By Robert Morales
Oscar De La Hoya can say, or tweet, whatever he wants. But you have to wonder what was going through his head this week when he sent this out on his social network: "My man Kid Chocolate will destroy any middleweight out there. I wanna see Golovkin vs. Hassan N'Dam N'Jikam and then I'll see if he's good or not."
"Kid Chocolate" is middleweight champion Peter Quillin, who is promoted by De La Hoya's Golden Boy Promotions. And, of course, Golovkin is fellow champion Gennady
Golovkin, who just about tore the liver out of Matthew Macklin on June 29, knocking him out in the third round of their fight. Macklin is the same guy who decked another champion, Sergio Martinez, before being stopped after 11 rounds by Martinez.
It's one thing for De La Hoya to bellow his fighter is the best. But to suggest that Golovkin still has to beat a guy like N'Jikam to prove to De La Hoya that he's actually good, seems ridiculous.
"He's delusional," Golovkin's trainer, Abel Sanchez, said via telephone in response to De La Hoya's comment.
N'Jikam is the fighter Quillin knocked down six times to win his title last October at Barclays Center in Brooklyn. Sanchez said N'Jikam is also the same guy who in
February 2012 refused to even participate in a purse bid to fight Golovkin; instead, Sanchez said N'Jikam's promoter sent the WBA a letter basically stating N'Jikam would rather give up his interim title than fight Golovkin, who has the regular title.
And this is the guy against whom Golovkin must prove himself to De La Hoya's satisfaction?
Anyway, Sanchez wasn't finished. In general, he expressed disappointment in De La Hoya.
"It blows my mind," Sanchez said, again specifically referring to what De La Hoya said. "But when Oscar first got into the promotional business, I remember him saying that he was going to be good to the fighters. He was going to make the best fights, he was going to take care of the fighters and I think it's gotten to the point now where he's saying things now that I never though he'd be saying.
"I thought he would do things that were good for boxing."
Sanchez broached the subject of HBO vs. Showtime, the two major networks. Golovkin fights for HBO, Quillin and everybody else from Golden Boy on Showtime. Sanchez said De La Hoya is going to use that as an excuse not to make the fight with Golovkin.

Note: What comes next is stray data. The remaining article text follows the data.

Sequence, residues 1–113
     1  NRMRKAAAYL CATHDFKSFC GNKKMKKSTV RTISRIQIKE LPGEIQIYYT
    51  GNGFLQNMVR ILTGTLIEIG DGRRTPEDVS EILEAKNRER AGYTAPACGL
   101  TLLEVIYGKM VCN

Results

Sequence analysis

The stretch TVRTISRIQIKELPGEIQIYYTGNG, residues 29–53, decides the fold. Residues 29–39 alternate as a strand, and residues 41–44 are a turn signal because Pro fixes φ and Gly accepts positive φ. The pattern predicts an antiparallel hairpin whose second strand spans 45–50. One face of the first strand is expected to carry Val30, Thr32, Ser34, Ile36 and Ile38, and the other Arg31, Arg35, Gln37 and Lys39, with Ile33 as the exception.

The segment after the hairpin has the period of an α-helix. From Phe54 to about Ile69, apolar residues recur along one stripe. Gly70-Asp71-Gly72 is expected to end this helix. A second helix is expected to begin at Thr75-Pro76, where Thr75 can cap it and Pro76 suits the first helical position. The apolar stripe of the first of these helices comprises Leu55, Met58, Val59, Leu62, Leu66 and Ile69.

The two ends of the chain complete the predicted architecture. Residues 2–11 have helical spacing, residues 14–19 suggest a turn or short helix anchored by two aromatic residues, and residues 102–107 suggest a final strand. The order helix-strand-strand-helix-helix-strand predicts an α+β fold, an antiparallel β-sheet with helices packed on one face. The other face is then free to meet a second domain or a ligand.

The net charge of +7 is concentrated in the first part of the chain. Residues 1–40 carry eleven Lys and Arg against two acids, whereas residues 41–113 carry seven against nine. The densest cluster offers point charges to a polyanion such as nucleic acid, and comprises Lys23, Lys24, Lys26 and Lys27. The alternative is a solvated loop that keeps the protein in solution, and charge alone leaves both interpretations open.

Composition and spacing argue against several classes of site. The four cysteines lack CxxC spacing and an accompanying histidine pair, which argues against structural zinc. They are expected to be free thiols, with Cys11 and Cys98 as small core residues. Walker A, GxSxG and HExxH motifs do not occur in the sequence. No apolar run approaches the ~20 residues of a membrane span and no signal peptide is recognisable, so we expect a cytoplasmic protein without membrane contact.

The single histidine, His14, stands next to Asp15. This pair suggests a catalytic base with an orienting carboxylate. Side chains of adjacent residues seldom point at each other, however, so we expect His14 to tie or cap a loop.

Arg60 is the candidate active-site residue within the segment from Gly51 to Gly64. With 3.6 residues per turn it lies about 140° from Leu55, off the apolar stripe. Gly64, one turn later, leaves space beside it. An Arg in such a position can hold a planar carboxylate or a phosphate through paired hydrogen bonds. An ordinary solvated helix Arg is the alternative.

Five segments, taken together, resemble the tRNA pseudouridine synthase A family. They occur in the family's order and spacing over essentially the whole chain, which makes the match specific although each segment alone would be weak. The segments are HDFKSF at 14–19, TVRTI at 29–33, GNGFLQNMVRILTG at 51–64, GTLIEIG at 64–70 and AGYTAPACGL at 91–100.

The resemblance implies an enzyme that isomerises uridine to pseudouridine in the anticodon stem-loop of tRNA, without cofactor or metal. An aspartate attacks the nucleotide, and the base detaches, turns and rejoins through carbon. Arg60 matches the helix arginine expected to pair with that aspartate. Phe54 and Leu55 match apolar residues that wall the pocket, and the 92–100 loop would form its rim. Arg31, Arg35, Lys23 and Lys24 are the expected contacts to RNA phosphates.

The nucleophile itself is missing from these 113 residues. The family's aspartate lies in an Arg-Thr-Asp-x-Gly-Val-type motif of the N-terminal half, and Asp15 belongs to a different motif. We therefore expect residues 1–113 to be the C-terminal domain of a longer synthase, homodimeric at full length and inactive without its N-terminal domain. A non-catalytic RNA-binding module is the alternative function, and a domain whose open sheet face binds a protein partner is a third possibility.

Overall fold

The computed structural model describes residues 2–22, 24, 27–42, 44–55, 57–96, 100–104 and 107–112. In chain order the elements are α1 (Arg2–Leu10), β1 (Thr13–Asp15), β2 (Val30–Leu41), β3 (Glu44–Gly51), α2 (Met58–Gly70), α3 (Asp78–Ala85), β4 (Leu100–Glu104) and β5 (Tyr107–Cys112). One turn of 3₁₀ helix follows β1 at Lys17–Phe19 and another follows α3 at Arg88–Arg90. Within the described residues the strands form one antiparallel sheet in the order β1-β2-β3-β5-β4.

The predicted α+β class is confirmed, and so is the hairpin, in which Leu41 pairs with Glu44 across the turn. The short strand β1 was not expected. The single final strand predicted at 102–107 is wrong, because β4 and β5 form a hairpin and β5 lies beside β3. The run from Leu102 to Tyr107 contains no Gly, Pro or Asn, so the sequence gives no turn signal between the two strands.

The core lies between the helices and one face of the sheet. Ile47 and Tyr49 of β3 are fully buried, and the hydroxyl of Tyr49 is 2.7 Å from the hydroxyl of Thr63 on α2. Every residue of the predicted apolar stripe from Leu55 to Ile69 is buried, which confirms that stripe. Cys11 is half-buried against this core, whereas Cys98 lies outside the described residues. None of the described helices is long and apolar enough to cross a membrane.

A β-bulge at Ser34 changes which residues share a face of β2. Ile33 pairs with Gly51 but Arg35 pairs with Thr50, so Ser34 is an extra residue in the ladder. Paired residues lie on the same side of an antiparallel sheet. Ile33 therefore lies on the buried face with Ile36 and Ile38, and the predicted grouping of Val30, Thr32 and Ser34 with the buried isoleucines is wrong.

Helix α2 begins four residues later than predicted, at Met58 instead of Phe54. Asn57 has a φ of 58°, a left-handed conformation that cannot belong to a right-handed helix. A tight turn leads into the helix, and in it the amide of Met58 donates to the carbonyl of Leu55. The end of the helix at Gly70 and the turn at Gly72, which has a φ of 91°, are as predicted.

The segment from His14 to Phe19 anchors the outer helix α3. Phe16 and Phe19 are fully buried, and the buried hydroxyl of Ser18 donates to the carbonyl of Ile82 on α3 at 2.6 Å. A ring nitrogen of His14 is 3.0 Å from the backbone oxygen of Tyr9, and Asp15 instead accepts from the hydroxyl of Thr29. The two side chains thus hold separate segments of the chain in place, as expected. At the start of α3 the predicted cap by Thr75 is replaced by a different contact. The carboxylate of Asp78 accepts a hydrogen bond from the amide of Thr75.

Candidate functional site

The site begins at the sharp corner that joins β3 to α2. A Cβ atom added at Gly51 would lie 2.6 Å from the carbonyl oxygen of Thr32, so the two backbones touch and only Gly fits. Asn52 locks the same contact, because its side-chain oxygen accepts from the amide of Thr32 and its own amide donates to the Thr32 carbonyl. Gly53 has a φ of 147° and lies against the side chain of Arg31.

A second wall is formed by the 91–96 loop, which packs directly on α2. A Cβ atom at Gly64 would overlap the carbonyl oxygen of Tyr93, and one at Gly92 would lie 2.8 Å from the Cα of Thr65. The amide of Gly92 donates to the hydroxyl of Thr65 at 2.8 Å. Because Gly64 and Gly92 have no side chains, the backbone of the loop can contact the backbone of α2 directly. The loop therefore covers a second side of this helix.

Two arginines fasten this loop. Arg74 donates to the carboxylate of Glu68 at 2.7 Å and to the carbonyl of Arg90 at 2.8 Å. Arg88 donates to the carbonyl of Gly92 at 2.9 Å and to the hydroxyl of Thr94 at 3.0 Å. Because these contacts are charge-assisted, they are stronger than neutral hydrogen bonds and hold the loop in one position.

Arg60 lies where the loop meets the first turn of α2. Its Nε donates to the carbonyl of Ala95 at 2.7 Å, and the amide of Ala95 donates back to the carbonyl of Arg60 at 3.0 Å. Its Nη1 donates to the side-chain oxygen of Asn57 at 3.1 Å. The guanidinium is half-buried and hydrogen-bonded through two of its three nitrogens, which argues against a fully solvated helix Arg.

"This tiff between HBO and Showtime, whoever created it, it doesn't really matter," Sanchez said. "What matters is that right now 'Kid Chocolate' is an undercard fighter; he fights on undercards. Golovkin is the show. He's the main event. So if he (De La Hoya) really believes what he's saying, then I think he needs to - like I said in the press conference after the fight (against Macklin) - he needs to call to talk to Tom Loeffler and try to make some kind of arrangement to have these two guys fight."
Loeffler is general manager of K2-Promotions, which promotes Golovkin.
"It's good for boxing, it's good for Golden Boy, it's good for the networks and it's just good for the boxing fans," Sanchez said.
If not, Sanchez has an alternative idea for De La Hoya.
"Or, stop talking about Quillin-Golovkin," Sanchez said. "Turn in a different direction."
Sanchez reiterated what he told BoxingScene not long ago, that he doesn't think Quillin is yet at the level of Golovkin, Martinez and Julio Cesar Chavez Jr. He said he believes Quillin will eventually get there.
Sanchez then backtracked to De La Hoya's original blast about what Gennady needs to do to prove himself to him.
"Why is he saying it?" Sanchez wondered. "He doesn't really believe it, does he?"
De La Hoya's executive assistant, Nicole Becerra, was contacted to see if De La Hoya wanted to comment on anything Sanchez had to say. Without knowing exactly what Sanchez said, De La Hoya said he would have no comment.
'Canelo' won't train at Sanchez's Big Bear gym
Saul "Canelo" Alvarez will square off with Floyd Mayweather Jr. in a junior middleweight title fight Sept. 14 at MGM Grand in Las Vegas (on Showtime pay-per-view).
Alvarez has previously trained at the aforementioned Sanchez's gym in Big Bear Lake, Calif. But for Mayweather, Alvarez will use Shane Mosley's gym, also in Big Bear.